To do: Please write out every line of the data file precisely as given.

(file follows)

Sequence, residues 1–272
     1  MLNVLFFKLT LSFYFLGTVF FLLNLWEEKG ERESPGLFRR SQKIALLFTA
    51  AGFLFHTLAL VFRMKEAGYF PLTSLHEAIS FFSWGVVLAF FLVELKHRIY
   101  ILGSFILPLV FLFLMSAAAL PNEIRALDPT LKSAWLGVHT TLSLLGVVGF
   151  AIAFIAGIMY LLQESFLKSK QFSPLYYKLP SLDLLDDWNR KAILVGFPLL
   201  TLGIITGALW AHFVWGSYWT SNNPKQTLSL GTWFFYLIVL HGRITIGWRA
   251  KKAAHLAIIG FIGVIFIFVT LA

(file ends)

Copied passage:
Sequence, residues 1–272
     1  MLNVLFFKLT LSFYFLGTVF FLLNLWEEKG ERESPGLFRR SQKIALLFTA
    51  AGFLFHTLAL VFRMKEAGYF PLTSLHEAIS FFSWGVVLAF FLVELKHRIY
   101  ILGSFILPLV FLFLMSAAAL PNEIRALDPT LKSAWLGVHT TLSLLGVVGF
   151  AIAFIAGIMY LLQESFLKSK QFSPLYYKLP SLDLLDDWNR KAILVGFPLL
   201  TLGIITGALW AHFVWGSYWT SNNPKQTLSL GTWFFYLIVL HGRITIGWRA
   251  KKAAHLAIIG FIGVIFIFVT LA